Chihiro INOUE, Dr.Eng.
Project Associate Professor
Rocket and Spacecraft Modeling Lab.
Department of Aeronautics and Astronautics
University of Tokyo
In liquid propulsion systems, thrust performance and combustion stability are profoundly dependent on atomization and mixing process of propellants.
Under sub-critical pressure conditions of propellants, for instance in upper stage rocket engines and in attitude control engines of satellites, spray combustion takes place. Here, atomization is important as the initial process to determine the following spray characteristics. Therefore, it is indispensable to achieve desirable atomization characteristics at all the operating conditions. Under supercritical pressure conditions, however, turbulent diffusion combustion occurs without atomization mainly in 1st stage booster engines.
Though, in the future, combustion pressure at rated operation will be designed to supercritical pressure in booster engines and in prospective reusable ones, off design operation will be also required for throttling thrust and aborting flight. In such off design operations, it is conceivable that the combustion pressure falls below the propellant’s critical pressure. Therefore atomization is an inevitably essential phenomenon not only today’s engines but also oncoming ones.
【Impinging Type Injector】
←： Two liquid jets impinge to create the liquid sheet, and then they breaks up into tiny droplets.
Several types of injectors have been proposed and used corresponding to combinations of propellants. Impinging jet injectors are the preferred type especially for rocket engines and for attitude control engines that use storable propellants or liquid hydrocarbons.
In our study, atomization of impinging type injector is mainly investigated. Numerical annd experimental studies have been carried out to clarify the detailed flow field and to propose control techniques of atomization.
【Impinging Jets and Single Jet】
←： left：two-jet impingement right：single jet injection
Atomization is enhanced by jet impingement. Single jet is not atomized.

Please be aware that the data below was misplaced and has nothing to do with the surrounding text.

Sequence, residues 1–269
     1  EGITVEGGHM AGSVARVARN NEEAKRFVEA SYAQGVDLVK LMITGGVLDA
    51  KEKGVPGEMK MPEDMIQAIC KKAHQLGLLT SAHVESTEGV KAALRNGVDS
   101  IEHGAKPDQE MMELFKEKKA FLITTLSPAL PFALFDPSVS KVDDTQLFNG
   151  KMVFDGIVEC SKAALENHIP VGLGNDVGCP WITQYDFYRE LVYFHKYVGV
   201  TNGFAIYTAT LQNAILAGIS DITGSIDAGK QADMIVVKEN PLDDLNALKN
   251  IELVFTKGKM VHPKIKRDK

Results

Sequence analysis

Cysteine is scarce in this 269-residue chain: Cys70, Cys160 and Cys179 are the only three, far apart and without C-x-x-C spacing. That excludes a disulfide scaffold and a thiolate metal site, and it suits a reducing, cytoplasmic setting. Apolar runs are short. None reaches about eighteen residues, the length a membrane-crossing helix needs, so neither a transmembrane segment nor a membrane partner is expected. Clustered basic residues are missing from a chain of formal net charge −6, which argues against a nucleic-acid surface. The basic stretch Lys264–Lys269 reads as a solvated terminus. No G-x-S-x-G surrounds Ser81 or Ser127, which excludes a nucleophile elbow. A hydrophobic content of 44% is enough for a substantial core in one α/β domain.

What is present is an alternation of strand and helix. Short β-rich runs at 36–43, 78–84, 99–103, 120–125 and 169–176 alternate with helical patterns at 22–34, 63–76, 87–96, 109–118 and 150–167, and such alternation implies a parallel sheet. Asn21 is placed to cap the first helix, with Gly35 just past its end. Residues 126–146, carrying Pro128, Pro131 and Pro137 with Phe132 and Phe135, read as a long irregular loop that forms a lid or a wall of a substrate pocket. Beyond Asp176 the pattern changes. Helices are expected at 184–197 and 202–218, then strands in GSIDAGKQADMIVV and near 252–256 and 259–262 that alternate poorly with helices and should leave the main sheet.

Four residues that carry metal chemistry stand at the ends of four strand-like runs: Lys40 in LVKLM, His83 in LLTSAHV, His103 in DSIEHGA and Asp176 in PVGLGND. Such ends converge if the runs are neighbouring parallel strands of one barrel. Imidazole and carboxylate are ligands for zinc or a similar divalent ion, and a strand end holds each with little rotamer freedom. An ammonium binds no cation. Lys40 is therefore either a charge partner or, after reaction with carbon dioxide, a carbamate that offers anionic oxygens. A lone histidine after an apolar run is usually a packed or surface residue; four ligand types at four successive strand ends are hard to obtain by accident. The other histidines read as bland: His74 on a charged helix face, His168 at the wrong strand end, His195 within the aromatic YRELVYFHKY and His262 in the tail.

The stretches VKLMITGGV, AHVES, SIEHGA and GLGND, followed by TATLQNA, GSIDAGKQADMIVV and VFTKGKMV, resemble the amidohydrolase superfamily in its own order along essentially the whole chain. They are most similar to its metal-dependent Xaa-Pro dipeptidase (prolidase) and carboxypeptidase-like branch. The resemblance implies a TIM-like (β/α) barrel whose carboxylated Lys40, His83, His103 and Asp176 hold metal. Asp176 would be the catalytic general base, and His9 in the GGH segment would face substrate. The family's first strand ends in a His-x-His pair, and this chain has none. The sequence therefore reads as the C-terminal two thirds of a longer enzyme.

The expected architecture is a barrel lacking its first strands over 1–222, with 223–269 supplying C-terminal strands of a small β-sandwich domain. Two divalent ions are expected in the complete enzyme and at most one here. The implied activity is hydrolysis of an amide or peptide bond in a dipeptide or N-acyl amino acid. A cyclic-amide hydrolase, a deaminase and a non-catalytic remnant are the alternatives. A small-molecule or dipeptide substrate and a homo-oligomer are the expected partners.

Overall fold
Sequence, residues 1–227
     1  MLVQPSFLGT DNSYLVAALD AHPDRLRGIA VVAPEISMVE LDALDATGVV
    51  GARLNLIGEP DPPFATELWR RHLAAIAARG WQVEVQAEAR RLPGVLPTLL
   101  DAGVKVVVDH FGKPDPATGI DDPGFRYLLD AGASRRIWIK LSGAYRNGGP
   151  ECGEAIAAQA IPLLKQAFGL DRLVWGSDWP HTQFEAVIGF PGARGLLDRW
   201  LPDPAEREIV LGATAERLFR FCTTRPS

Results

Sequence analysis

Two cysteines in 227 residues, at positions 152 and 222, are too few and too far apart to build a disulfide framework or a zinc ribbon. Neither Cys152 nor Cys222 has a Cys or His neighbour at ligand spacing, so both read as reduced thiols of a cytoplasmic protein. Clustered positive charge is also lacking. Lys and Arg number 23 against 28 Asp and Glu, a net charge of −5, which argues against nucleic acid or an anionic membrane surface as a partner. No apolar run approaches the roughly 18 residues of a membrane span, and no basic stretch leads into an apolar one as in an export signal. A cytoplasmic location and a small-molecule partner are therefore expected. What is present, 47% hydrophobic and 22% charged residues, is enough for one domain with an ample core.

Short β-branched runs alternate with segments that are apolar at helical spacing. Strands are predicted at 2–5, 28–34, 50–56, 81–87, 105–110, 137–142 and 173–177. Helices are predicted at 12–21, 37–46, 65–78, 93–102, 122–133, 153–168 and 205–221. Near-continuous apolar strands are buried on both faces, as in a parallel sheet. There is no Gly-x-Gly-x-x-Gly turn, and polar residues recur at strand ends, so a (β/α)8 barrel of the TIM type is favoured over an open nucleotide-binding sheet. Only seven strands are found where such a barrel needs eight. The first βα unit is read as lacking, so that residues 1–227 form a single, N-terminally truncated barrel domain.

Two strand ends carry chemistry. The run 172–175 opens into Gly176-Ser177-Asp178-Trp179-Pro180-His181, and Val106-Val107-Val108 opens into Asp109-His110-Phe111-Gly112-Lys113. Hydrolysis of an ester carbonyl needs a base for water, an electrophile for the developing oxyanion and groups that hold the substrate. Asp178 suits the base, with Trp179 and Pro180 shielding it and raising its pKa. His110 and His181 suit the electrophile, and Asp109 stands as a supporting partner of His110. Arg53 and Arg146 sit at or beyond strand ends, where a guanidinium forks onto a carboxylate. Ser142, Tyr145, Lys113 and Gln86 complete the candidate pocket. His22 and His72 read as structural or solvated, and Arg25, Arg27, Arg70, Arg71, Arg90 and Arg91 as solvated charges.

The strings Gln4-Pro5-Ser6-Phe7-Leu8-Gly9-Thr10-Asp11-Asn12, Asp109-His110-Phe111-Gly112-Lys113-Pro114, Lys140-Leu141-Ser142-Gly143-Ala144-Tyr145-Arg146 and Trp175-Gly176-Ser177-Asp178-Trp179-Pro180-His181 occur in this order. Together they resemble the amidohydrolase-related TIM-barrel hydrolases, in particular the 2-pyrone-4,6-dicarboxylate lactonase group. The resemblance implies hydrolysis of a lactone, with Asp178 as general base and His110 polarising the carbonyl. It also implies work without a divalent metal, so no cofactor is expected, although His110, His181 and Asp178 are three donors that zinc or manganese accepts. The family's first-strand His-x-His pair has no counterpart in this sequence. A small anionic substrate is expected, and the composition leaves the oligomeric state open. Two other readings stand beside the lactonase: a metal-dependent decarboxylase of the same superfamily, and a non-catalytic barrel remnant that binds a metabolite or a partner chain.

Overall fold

←： black lines : stacked image during 20ms, white sheet : instantaneous image
Each black line corresponds to a trajectory of each droplet.
The outer edge of the spray consists of droplets fragmented close to the impingement point.
【Atomization Enhancement by Microjet Injection】
←original atomization phenomenon (left: w/o microjet) is strongly enhanced by small amount of microjet injection(right: with microjet).
Impinging atomization is able to produce fine drops at a rated operation. In contrast, the atomization characteristics deteriorate under off design conditions when injection velocity comes to be slower.
For improving atomization characteristics at off design conditions, an effective technique is verified utilizing small amount of gas (microjet) injection. The microjet is supplied from a pressurized reservoir and is injected from the center of the liquid nozzles toward the impingement point in like/unlike doublet injectors.
To clarify the flow field and the enhancement mechanism, experimental visualizations, drop size measurements and corresponding numerical analyses are carried out.
It is elucidated that Sauter Mean Diameter (SMD) becomes one-tenth of the original SMD by the microjet injection with the amount of only 1% of liquid mass flow rate. The dominant non-dimensional numbers are found to be the relative Weber number and the ratio of the dynamic pressure (microjet/liquid jet) at the impingement point. The optimized atomization efficiency is achieved when the dynamic pressure ratio is approximately two.
←： numerical results of impinging atomizations considering the interactions between two injectors. (1-day calculation by a stand-alone computer)
Atomization process is simulated from continuous liquid jets, sheet to dispersed droplets by coupling method of an Eulrelian approach and a Lagrangian approach. The method has been developed and validated by comparing the results with corresponding experimental results.
By using the Eurelian-Lagrangian hybrid method, the series of atomization can be simulated by a stand-alone computer within a short period of time.
Gallery of Sparkling Fireworks (YouTube)
About 400 years ago(Edo-era), sparkling fireworks began in Japan.
Sparkling fireworks are composed of a black powder, which is a mixture of potassium nitrate, carbon and sulfur, simply wrapped in a twisted paper. The fireworks scatter beautiful streaks of light with soothing sounds. The formation of these streaks is attributed to sequential atomization and luminescence of droplets ejected from the fireball driven by a series of chemical reactions.The physics behind the beauty of sparkling fireworks, however, has not been clarified yet. So, we do not know how and why they are beautiful.
In our study, atomization process in sparkling fireworks is elucidated by using a high-speed video camera. A scenario of droplets generation is found as follows: a liquid thread extends from the bottom of the bursting fireball, and fragments into droplets. Thus the droplets originate from inside the fireball rather than from its surface.
←： self-luminous pictures of the main fireball.
The spherical fireball at t=+0ms bursts at the right bottom at t=+0.4ms.
The hole is enlarged by the surface tension on the rim, which is similar to the case of a bursting soap bubble.
The thread begins to extend from the interior of the fireball at t=+2.0 to +2.4ms.
At t=+2.8ms, the droplet breaks from the thread.
A bubble bursting on a liquid surface is subjected to a similar atomization process.